'Iron Man 2' Swerves But Doesn't Miss the Mark Entirely

One of the most interesting things about the still-peaking superhero movie craze is its consistent immunity to the sophomore slump. From the Spider-Man and X-Men films to The Dark Knight, the second outing reliably maxes out the franchise's potential, no matter how bad things get later. (I'd throw Blade 2 in there as well, but that may just be me. And once I heard someone say that Fantastic Four: Rise of the Silver Surfer was pretty okay, but I suspect I'll never know for sure.) It's the nature of the material, creatively and commercially: If the very beginning of the story is the most interesting part, how do you expect to make a series out of it? It's not important that the origin story be great, it's only important—in the movies, at least—that it be first.

The original Iron Man from 2008 is as expositional as any of those other series' opening chapters; it's how actor-turned-director Jon Favreau uses that to his advantage that makes it the best of them. The film is purest escapism (super-powers, super-wealth, super-hotties, etc.) and twice as fun as it needed to be besides, but the smartly tweaked origin story of billionaire tech-playboy Tony Stark's most expensive suit is what props it up. Its focus gives it an effortless pace, and everything comes together from there.

So what happens to the sequel step-up when the first movie already got everything right?

From its earliest moments, Iron Man 2 eagerly draws on residual goodwill. A black-and-white Russian television broadcast revisits Stark's press-conference punchline from the end of the first movie. In announcing to the world that he is Iron Man, Stark (Robert Downey Jr.) inadvertently brings his breakthrough to the attention of Ivan Vanko (Mickey Rourke), whose father was disgraced and deported after years of partnership with Tony's own father. Seems Vanko has inherited blueprints for an Arc Reactor alongside a thirst for revenge; he gets the power supply working, hooks it up to two cable whips and presto! A supervillain, with the name "Whiplash," no less. It's a tale as old as time, told before the credits are done rolling.

Stark, meanwhile, attempts to relish his new prestige despite an array of bothersome subplots—the government is pressuring him to turn over the Iron Man armor, a rival industrialist (a wonderfully pathetic Sam Rockwell) maneuvers against him, and the palladium in his life-giving power source is progressively poisoning his body. Also, the counter-espionage agency S.H.I.E.L.D. is still breathing down his neck, and he has a suspiciously foxy new assistant (Scarlett Johansson), and his daddy never loved him, and his best friend Lt. Col. James Rhodes (noted character actor Don Cheadle) looks way more like noted character actor Don Cheadle than he did in the first movie, when he was played by Terrence Howard. All of this before Whiplash even leaves Russia.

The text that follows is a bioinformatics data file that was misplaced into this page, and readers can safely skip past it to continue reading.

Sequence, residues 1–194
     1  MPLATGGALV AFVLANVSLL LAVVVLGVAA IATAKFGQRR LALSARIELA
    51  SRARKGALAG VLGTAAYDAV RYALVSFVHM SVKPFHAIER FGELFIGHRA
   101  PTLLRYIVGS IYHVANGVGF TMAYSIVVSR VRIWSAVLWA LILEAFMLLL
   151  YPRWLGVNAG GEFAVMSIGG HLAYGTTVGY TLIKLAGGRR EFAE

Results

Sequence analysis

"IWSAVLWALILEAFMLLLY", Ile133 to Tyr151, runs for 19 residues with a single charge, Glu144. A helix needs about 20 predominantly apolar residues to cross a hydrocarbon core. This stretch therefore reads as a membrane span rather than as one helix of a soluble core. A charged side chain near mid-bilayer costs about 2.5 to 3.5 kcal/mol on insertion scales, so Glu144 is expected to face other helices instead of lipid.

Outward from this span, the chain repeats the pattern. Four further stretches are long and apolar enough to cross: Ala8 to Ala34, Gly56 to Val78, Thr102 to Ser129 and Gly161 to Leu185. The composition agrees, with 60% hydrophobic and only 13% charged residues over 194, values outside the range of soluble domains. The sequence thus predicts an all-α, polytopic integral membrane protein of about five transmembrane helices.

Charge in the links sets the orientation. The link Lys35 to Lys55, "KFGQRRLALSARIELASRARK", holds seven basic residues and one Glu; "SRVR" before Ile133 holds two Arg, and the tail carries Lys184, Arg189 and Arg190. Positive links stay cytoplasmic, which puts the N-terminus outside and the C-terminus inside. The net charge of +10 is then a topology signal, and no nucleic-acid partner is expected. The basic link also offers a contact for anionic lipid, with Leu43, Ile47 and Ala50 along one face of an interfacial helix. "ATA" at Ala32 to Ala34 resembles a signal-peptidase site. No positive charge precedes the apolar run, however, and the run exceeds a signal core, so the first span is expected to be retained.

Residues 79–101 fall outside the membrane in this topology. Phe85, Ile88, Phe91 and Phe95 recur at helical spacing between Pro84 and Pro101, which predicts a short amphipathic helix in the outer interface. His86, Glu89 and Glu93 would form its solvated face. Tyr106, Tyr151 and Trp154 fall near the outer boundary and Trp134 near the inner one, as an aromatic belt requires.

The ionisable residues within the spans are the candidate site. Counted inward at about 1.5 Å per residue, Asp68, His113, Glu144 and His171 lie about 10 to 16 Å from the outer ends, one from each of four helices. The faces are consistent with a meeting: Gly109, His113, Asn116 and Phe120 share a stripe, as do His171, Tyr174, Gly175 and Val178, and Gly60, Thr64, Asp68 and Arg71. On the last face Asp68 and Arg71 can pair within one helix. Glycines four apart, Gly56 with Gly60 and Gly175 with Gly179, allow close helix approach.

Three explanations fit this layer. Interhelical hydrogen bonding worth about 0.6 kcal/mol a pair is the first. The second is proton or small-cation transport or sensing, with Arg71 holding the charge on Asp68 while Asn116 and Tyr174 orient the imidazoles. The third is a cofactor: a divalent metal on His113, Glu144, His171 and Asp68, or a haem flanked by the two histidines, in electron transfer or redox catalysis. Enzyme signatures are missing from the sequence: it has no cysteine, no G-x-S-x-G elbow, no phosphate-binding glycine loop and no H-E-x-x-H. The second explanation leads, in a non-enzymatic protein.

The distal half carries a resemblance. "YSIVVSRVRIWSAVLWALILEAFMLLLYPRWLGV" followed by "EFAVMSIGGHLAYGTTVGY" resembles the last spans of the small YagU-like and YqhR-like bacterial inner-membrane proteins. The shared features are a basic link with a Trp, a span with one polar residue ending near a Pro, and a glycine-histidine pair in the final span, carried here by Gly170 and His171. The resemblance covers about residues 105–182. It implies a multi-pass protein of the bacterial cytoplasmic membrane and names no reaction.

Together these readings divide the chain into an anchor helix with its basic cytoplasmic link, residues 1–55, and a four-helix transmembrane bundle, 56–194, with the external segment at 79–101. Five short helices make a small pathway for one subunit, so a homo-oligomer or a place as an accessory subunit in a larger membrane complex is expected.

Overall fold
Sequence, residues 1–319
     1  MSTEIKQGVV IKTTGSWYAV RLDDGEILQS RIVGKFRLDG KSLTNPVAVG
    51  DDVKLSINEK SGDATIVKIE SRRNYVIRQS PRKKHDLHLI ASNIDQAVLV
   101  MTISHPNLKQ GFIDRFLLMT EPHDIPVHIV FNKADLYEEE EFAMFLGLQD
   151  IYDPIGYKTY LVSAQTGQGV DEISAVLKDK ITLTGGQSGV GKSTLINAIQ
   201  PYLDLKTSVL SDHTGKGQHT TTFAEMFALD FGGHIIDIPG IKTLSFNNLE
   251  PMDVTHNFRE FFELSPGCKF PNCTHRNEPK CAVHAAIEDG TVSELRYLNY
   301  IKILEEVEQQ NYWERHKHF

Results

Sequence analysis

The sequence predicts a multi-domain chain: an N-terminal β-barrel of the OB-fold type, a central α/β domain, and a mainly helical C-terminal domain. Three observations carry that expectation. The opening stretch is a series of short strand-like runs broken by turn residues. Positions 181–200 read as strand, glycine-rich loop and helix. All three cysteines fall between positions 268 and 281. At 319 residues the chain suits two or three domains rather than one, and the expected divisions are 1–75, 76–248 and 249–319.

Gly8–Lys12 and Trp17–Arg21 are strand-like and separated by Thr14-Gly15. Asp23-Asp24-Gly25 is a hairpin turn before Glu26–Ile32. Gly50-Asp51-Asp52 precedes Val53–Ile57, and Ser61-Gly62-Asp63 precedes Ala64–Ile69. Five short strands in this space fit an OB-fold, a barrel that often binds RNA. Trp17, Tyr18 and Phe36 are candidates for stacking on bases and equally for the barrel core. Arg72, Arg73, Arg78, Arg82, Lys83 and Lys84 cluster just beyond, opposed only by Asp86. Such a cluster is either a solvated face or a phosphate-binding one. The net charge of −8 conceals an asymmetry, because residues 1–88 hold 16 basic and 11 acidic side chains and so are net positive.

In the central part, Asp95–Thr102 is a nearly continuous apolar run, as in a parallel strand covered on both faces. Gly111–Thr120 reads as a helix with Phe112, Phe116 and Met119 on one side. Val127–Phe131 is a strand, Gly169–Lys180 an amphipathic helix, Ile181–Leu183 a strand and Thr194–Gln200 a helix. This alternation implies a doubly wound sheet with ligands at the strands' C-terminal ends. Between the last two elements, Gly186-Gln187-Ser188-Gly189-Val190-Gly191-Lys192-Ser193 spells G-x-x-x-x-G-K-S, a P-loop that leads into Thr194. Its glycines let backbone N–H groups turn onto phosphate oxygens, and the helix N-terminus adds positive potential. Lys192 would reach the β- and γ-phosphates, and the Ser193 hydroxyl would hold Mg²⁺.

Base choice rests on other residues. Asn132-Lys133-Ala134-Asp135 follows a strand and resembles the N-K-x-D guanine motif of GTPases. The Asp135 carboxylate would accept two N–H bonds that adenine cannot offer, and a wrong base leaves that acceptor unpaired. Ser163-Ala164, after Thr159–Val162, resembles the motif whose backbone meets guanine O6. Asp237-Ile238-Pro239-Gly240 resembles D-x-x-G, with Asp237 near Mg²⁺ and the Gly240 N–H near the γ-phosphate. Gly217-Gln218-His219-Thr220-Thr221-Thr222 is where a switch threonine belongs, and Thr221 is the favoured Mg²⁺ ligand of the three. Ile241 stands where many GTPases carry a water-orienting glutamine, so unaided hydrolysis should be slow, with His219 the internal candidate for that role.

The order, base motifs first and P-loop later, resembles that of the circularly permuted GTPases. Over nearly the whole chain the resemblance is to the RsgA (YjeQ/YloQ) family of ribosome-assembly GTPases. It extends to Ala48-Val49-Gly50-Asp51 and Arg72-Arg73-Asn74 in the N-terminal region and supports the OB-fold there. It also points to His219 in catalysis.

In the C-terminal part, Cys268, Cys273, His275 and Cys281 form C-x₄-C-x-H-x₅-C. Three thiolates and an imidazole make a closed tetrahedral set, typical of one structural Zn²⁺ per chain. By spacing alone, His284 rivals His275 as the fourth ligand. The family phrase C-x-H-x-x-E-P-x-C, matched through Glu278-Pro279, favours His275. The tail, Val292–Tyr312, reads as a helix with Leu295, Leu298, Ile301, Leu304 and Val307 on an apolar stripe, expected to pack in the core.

These countless threads end up coming together effectively enough, but they also draw attention to just how unnecessary they are. (Someone's heart was in the right place casting Johansson as Black Widow, but they should have written her a role first.) Justin Theroux's screenplay keeps the dialogue witty and the locations varied, but by reaching too far in every direction with the plot he ignores the fundamentals that made the first film so exceptional, and it becomes clearer that axing a storyline or two early on might have made all the difference.

This isn't to say Iron Man 2 is unpleasantly overstuffed; the excess also means there's quite a lot to recommend about it. Even the least picky viewer, though, may better notice the story's flab by observing what it edges out: Iron Man 2 is perhaps the least action-packed action movie in years. In moving all its parts around for two hours there is plenty of time for Downey to mug for the camera and for Johansson to look dead inside, and precious little left over for Iron Man to bust asses. Why? Because the supervillain spends fully half the movie sequestered in a laboratory, and less than five minutes whipping and lashing it up with Iron Man. Meanwhile, Pepper Potts becomes CEO of Stark Industries, and Tony gets drunk in his suit. That's way better than explosions, right? (Okay, fine, one of those does lead to a few explosions.)

Either way, the superior super-sequel trend is officially bucked. If you enjoyed the first Iron Man, by all means go see the new one; they're similar in most ways, and it's easy to look at the second film's failings as spotlights on what the first could have done wrong but didn't. But when they couldn't do it better, they skipped right to bigger. Now what's left?

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